BOS Foundation: Top 10 Orangutan Survival Skills
Text by: BOS Foundation Communication Team
The Borneo Orangutan Survival Foundation (BOSF) cares for and rehabilitates orangutans at its two centers, Nyaru Menteng in Central Kalimantan and Samboja Lestari in East Kalimantan, with the aim of releasing them back to the forest once they are ready for independence. In order to do that, the staff needs to help the orangutans learn the various life skills that they will need to survive in the wild unaided by humans. These skills are taught directly by the dedicated surrogate mothers and technicians in Forest School.
We now present to you 10 of the most important skills the orangutans must master!
Survival Skill #1 - Nest Building
Wild orangutans build nests high up in the trees to rest in during the day and sleep in at night. Up in the treetops, orangutans are safe from the dangers lurking on the forest floor. Check out the Forest School students gathering branches as they would in the wild, practicing this basic survival skill.
Survival Skill #2 - Predator Avoidance
Aside from humans, orangutans have very few natural predators. Young orangutans are the most susceptible to forest predators, like clouded leopards, crocodiles, large pythons, and venomous snakes. Awareness of the dangers posed by these animals is vital knowledge that our orphaned orangutans must learn.
Survival Skill #3 - Tree Swaying
Orangutans often use their own weight to bend the trunks of small trees and branches to propel themselves from tree to tree. This is an important skill to learn in Forest School, as it is a more efficient and safe way to travel than climbing down one tree to the forest floor and up the next.
Survival Skill #4 - Climbing
Orphaned orangutans need regular tree-climbing practice to master this essential survival skill. The basis of any sound locomotion skillset for orangutans is the ability to climb up and down tall trees with ease. Several of our caregivers are trained in tree climbing and will climb alongside the orphaned orangutans in their care to encourage them to spend more time in the trees.
Survival Skill #5 - Brachiating
As the largest arboreal animal on Earth, an orangutan’s weight would restrict their access to many areas and food sources if they only walked on top of branches. In the forest, orangutans swing hand over hand from one branch to another, in a form of locomotion known as brachiating. Being able to move under multiple branches means orangutans can move more freely through the forest. Our Forest School students learn this practical skill from observing and copying one another.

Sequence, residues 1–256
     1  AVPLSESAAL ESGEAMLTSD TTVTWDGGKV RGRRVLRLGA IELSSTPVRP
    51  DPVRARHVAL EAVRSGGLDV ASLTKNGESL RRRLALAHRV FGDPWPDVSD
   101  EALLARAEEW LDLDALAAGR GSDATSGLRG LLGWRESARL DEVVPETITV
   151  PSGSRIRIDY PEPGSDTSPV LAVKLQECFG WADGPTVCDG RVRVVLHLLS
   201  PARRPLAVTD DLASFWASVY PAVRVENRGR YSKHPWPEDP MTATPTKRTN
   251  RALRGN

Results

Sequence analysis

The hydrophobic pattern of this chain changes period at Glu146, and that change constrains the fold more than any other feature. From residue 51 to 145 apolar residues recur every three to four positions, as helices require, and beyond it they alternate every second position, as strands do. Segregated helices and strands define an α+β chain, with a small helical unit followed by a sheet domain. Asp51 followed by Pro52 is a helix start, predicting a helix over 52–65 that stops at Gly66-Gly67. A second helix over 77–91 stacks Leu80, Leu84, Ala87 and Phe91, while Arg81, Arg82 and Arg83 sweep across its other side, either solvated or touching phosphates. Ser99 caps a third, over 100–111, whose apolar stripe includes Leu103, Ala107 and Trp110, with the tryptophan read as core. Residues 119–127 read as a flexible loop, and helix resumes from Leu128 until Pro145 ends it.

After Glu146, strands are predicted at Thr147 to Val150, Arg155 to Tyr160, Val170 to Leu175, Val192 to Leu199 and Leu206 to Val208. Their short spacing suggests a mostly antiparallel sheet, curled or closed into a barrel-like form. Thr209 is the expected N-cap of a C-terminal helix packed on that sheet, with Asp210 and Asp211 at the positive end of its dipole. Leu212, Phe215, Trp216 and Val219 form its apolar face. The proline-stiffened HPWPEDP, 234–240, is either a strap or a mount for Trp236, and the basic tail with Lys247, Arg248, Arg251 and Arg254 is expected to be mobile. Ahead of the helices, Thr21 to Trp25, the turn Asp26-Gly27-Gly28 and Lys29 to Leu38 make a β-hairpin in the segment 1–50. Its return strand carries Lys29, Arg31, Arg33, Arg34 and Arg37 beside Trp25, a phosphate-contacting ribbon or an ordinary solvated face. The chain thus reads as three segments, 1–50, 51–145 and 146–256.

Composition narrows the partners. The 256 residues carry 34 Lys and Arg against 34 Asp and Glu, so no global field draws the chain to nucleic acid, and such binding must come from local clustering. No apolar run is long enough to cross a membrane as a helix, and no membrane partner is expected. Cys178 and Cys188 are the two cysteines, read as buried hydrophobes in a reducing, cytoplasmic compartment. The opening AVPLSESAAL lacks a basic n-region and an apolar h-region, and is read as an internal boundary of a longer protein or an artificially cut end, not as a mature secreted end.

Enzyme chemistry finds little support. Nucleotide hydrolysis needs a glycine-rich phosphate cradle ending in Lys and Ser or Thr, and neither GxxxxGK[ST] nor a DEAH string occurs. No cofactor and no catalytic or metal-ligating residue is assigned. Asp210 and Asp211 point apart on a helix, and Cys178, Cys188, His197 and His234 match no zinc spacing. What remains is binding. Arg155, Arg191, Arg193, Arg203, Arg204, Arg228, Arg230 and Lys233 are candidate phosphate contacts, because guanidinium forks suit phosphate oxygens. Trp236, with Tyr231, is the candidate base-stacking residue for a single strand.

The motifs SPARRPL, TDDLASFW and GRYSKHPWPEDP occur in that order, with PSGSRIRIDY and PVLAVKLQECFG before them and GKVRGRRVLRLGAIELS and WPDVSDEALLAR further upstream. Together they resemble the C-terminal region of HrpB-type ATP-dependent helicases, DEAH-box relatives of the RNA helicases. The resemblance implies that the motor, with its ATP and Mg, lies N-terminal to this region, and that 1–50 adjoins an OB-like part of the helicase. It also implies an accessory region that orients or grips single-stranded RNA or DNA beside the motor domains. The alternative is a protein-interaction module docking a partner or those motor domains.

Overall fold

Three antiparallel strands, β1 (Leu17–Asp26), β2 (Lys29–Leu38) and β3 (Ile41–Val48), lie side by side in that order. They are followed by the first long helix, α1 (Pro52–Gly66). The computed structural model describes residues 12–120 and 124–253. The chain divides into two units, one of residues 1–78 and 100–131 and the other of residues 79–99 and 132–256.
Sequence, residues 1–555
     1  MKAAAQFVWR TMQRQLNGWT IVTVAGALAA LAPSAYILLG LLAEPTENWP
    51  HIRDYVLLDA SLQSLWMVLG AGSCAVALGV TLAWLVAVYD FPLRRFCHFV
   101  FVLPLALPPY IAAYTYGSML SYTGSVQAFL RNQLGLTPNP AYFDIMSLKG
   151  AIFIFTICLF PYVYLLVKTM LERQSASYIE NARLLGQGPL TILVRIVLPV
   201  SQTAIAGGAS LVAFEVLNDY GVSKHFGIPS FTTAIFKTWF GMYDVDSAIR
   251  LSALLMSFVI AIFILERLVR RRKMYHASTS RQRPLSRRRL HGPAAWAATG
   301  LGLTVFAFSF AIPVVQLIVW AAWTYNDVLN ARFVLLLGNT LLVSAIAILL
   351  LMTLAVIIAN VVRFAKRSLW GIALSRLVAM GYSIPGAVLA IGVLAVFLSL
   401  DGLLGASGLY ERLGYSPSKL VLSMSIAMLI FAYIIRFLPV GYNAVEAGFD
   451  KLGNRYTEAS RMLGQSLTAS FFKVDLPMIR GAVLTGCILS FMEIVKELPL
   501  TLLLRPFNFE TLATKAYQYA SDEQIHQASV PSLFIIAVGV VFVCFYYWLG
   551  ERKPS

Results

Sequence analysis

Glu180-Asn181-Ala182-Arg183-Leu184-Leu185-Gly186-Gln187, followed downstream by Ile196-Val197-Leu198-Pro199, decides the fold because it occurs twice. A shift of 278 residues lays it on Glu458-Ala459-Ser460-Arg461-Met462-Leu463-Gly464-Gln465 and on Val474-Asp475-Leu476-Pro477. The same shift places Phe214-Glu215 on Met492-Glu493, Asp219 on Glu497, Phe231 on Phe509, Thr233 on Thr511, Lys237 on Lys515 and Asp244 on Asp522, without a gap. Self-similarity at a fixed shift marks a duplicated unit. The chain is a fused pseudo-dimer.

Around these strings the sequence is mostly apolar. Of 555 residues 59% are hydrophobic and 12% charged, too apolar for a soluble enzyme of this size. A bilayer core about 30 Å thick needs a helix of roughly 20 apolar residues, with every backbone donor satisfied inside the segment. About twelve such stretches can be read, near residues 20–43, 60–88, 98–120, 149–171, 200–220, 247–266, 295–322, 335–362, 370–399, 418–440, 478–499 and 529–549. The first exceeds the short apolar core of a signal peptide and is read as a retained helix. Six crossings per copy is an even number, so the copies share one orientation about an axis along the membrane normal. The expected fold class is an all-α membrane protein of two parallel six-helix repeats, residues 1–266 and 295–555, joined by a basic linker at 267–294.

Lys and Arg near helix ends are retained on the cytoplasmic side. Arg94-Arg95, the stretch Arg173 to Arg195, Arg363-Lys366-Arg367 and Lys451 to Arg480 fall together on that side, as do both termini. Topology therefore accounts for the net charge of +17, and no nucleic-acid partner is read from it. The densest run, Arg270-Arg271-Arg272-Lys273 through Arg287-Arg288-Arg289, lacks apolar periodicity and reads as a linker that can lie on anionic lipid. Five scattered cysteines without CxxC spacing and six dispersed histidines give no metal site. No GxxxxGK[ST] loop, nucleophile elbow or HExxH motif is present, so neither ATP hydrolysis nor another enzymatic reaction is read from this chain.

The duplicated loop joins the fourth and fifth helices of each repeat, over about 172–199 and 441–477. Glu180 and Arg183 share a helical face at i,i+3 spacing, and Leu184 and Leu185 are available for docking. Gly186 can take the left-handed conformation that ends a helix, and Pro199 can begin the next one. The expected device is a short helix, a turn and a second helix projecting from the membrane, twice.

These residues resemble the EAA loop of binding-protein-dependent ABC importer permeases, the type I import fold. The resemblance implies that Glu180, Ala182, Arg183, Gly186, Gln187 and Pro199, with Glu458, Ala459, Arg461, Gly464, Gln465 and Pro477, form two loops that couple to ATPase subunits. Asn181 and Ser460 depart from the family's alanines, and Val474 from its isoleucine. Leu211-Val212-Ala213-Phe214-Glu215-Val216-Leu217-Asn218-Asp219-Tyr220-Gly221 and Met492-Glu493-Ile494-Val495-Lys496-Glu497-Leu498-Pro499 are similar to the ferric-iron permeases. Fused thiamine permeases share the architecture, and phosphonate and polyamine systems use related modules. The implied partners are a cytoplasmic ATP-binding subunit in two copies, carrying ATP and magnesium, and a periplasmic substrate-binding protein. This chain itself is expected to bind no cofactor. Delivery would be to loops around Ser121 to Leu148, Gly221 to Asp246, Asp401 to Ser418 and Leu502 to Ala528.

Survival Skill #6 - Fruit Eating
While orangutans eat a wide variety of forest foods, their preferred food item is fruit! Dependent on season and location, orangutans can feed on hundreds of different species of wild fruits. Thus, it is critical that they can identify what fruits are safe to eat and learn how to open them. Eating whole, soft fruits like wild fig and guava is pretty straight forward, but our Forest School students also need to know how to access fruits with hard exteriors like durian and coconut, which require cracking, peeling, and breaking to reach the pulp and seeds within.
Survival Skill #7 - Bark Stripping
Cambium, a juicy layer beneath a tree’s bark, is an important food source for orangutans during the dry season. At Forest School, our skilled caregivers show the orangutans how to peel back the bark of specific trees, scrape off the soft cambium with their teeth, chew and ingest what is nutritious, and spit out the inedible fibers!
Survival Skill #8 - Invertebrate Eating
Termites, ants, and bee larvae also form a significant part of an orangutan’s diet. Termites in particular are readily accessible on the forest floor, and due to their high protein content are an important part of an orangutan’s diet. In Forest School, students are shown how to break off chunks of rotting wood and then suck out the termites within!
Survival Skill #9 - Pith Extraction
Peeling back the protective exterior of a plant exposes its soft, inner pith. The pith of many types of plants is an important food source for orangutans, with the pith of rattan being an orangutan diet staple. In the forest, rattan is plentiful and available throughout the year, regardless of season. It is crucial that an orangutan knows how to spot edible rattan and peel away its spiky exterior to reveal the soft pith inside.
Survival Skill #10 - Leaf Eating
Of the preferred foods for orangutans, leaves are typically not high on the list. However, they are still an important and plentiful food source; especially young leaf shoots that are more tender and nutritious than their mature counterparts. The orangutans in our care pay close attention to their surrogate mothers, who teach them which leaves are safe to eat and where to find them.